always been something of a hyper-organized control freak.  This can be a major drawback in some careers but comes in handy when your job
description includes the word 'controller'.  I tolerate shift work far better than I tolerate the antics of one or two of my coworkers, and I absolutely,
100% love doing the work that I do.  The past few months I've been fixated on all the things that are wrong with my job, instead of all the things
that are right.  That's not a difficult place to wind up in.  We all do it at one time or another; it's incredibly human.  Crap starts to fly at work, you
get discouraged and frustrated, and then one day you look up and discover that there isn't any crap sailing about any longer, and you're still
stomping around in the midst of a six-month hissy fit, barely capable of restraining yourself from kicking puppies and small children.  

God bless friends.    

No one talked me into the new mood.  It was more a case of looking at what other people put up with in their lives and realizing that there is a
monumental supply of extremely annoying events that we never have to cope with in my profession.  A 'for instance' is that wonderful
phenomenon of working extra hard and maybe even extra (sometimes unpaid) hours before a vacation in order to clear your desk.  And then
spending your time off with the knowledge hanging over your head that when you get back you'll be buried for at least a week catching up.  Take
a day off, and then pay for it by scrambling around for several days clearing out the mess that mysteriously appears at your desk whenever you
step away from your job for more than a bathroom break.  I would go nuts!  I'm quite happy in my "immediate gratification" career where you know
within a matter of minutes whether you've done your job right.  (All right.  I admit it.  When I
don't do my job correctly, the ramifications are a bit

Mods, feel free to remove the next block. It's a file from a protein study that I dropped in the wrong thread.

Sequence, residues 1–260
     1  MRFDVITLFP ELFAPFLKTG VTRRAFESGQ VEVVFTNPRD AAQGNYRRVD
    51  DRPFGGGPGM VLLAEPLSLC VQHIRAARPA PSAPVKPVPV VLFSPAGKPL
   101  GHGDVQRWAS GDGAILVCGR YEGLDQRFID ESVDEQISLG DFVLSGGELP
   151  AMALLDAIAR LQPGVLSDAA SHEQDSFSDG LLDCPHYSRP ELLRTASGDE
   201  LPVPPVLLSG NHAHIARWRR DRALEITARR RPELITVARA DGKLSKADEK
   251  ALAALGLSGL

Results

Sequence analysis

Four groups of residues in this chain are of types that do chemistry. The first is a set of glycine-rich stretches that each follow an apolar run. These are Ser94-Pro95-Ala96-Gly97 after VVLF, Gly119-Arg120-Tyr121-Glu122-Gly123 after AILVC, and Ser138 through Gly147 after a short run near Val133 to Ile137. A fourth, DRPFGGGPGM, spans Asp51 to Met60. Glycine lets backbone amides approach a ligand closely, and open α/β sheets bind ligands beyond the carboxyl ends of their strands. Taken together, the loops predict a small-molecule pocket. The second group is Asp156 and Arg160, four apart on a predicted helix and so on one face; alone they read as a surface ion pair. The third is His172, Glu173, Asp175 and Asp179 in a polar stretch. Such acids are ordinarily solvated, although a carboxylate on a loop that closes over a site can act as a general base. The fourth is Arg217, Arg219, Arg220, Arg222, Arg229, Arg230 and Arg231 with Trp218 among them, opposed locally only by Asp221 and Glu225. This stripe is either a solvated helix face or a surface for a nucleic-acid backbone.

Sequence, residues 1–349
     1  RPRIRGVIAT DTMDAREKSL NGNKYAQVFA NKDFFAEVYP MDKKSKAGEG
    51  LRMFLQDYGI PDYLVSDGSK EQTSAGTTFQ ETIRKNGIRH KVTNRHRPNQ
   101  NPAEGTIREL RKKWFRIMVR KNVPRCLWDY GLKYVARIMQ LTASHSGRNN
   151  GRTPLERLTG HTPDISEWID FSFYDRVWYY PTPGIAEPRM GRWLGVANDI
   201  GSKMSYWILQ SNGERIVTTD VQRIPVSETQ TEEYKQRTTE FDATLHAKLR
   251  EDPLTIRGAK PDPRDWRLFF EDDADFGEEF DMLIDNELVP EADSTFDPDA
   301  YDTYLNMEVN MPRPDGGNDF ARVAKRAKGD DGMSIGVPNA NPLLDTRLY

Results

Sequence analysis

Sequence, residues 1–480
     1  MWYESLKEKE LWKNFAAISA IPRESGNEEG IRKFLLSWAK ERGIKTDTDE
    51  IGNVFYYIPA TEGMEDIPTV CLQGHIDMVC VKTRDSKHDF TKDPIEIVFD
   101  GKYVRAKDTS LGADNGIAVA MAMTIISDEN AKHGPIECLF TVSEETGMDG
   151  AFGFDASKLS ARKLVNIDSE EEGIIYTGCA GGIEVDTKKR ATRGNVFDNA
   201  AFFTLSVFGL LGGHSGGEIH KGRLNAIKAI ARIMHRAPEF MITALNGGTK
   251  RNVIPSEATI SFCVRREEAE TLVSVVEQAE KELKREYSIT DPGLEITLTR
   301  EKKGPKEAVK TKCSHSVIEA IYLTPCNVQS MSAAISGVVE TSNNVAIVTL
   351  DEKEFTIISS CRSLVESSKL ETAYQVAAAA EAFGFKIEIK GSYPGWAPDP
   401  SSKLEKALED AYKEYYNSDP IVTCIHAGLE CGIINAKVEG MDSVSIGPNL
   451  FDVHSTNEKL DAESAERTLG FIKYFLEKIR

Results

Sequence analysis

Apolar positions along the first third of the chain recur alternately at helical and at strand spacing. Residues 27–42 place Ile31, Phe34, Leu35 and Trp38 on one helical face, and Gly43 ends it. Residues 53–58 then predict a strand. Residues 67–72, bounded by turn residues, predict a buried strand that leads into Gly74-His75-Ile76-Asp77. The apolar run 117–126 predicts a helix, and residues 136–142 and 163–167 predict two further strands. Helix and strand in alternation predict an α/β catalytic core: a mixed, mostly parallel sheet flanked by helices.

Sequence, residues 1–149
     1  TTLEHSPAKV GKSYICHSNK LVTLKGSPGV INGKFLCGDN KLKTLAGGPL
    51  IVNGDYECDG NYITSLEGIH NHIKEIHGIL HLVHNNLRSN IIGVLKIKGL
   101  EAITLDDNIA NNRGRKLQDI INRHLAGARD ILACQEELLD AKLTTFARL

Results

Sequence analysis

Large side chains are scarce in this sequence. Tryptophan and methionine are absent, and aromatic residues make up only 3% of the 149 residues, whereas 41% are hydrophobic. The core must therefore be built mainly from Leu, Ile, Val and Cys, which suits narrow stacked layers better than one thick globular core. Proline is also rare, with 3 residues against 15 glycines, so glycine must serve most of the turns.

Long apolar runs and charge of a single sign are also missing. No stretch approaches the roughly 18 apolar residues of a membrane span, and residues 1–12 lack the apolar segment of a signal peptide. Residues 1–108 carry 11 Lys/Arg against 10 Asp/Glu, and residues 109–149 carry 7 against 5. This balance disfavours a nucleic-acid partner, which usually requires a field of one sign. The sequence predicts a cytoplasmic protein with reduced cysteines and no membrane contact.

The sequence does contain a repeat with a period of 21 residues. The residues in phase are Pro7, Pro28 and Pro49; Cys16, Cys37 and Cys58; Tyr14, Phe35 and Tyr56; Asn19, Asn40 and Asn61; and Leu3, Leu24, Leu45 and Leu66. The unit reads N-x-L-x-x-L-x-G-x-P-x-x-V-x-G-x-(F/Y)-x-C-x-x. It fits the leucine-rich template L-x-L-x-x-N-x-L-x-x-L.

extreme, and it takes a certain kind of person to cope with that sort of pressure.)  

When I sign out at the end of the day, it's like someone throws a huge circuit breaker.  The job is over.  I can't stockpile landing clearances
ahead of time for when I'm on leave, and there isn't a holding pattern with 492 airplanes waiting for me when I come back.  There are times, like
last night, when the flight progress strips for the arrivals climbs right out of the strip bay (which means you are about to get your ass kicked with
traffic), and you get that *GULP* "Uh oh!" kind of lurch in your stomach.  But if you take a moment to remember that in an hour it will all be over
and you'll be leaning back in your chair thinking about better things (Farscape springs to mind), albeit with an adrenalin boost that could lift
most of Los Angeles into geostationary orbit, then it doesn't seem so bad.  It's marginally different at the larger airports.  When those men and
women walk into work, they know that there will
ALWAYS be another plane to vector, another arrival sequence to set up, more handoffs to be
accepted ... the traffic is perpetual and non-stop.  But when their shift is over, it's over.  Done.  Go home.  No post mortems on whether United
could have been on the ground ninety seconds earlier if you had chosen to cut him in front of the regional jet.  You hang up your headset, sign
out, and you're done for the day.  

It is a unique version of paradise.

Anyway ... Life is good when you have a job you enjoy.  So what if the peripheral bulldren sometimes threatens to drive me to committing
murder?  When all is said and done, I like what I do, and wouldn't have it any other way.  

Onward to other things.  

Pilots are human, which is to say that they are sometimes also brilliant in an entirely sneaky kind of a way.  If a controller gets a bit wishy-washy,
sliding into that "Air Traffic Suggestor" mode instead of making decisions, the pilots will drive their B737 right into the opening you provide for
them, and run with it.  

(I need to provide a little explanation before proceeding with my story.  As a general thing, once a flight checks in on your frequency, you tend to
associate one particular voice with that aircraft.  The normal routine for a cockpit crew is for one person to do the flying and for the other person